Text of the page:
Make a Donation

Make a Donation

Your contribution really can make a difference
Click here...

Join the Research Team

Join the Research Team

Get stuck in as part of our Research Team
Tell me how...

Become a Member

Become a Member

Enjoy the many benefits of CRRU membership
Join today...

Adopt a Dolphin

Adopt a Dolphin

Help protect "Stardance" and his friends in the Moray Firth
Find out more...

Recycle for the Charity

Recycle for the Charity

Recycle unwanted goods to help the environment and raise funds for the CRRU
Tell me how...

Join us on Facebook

Join the CRRU on Facebook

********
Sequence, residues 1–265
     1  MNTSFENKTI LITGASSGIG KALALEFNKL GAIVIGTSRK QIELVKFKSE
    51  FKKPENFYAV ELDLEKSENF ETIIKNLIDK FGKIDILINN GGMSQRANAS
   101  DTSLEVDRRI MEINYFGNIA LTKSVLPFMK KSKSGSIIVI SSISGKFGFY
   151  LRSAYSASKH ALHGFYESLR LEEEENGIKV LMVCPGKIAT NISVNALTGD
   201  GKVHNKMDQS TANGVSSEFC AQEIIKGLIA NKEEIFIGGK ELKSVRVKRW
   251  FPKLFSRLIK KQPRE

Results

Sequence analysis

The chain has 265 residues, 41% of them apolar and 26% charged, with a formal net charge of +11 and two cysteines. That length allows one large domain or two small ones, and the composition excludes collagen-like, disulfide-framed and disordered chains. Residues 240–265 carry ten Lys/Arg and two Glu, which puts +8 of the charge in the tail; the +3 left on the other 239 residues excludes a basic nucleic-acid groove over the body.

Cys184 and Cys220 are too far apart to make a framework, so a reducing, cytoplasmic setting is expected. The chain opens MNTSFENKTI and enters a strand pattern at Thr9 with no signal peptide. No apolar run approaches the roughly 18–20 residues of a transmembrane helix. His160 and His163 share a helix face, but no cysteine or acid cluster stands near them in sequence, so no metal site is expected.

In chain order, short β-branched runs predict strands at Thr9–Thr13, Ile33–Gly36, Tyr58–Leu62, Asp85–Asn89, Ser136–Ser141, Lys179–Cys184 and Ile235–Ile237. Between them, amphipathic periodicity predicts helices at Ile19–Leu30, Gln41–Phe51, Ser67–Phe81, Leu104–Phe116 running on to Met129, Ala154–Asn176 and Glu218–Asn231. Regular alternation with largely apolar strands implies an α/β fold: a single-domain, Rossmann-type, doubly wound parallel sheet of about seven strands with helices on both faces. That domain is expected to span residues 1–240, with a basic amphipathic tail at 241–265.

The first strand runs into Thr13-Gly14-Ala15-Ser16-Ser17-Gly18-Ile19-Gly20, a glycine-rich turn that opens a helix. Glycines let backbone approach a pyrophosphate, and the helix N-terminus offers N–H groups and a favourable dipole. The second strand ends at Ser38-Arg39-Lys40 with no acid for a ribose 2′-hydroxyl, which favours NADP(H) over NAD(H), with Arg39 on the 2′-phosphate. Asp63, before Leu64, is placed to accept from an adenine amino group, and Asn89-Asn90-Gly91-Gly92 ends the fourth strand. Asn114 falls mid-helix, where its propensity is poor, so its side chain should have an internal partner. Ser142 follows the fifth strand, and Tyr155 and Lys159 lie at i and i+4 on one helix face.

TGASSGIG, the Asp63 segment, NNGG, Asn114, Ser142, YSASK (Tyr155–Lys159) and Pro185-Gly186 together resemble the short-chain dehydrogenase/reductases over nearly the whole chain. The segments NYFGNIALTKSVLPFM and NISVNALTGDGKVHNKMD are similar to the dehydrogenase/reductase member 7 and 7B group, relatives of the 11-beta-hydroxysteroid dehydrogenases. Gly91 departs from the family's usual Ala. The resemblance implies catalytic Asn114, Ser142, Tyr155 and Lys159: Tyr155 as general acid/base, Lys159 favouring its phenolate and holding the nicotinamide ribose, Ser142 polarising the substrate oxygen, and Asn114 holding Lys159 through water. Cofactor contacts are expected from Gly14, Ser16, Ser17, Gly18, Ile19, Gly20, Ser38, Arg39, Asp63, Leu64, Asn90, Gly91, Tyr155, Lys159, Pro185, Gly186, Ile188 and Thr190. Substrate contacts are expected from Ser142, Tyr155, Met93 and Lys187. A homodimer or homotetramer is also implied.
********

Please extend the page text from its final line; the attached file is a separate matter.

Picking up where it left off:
Check out all the latest news from the CRRU team
Join today...

Raise funds for the CRRU on eBay charity

Common dolphin

Order: Cetacea
Suborder: Odontoceti
Family: Delphinidae
Genus: Delphinus
Species: Delphinus delphis Linnaeus, 1758

Identification

The most striking feature of the common dolphin (Delphinus delphis) is its characteristic hourglass patterning on the lateral flanks – created by overlapping of the contrasting dorsal and ventral patches to form a "V"-shaped saddle below the dorsal fin. This overlapping results in a greyish green or bronze tan colouration of the thoracic patch on each side of the animal. The body is fusiform and streamlined, and the animals long, narrow rostrum forms a sharp angle between the beak and forehead. The dorsal fin is tall and falcate and the fins taper to a pointed tip. The tail flukes are concave with a distinctive median notch on the rear margin.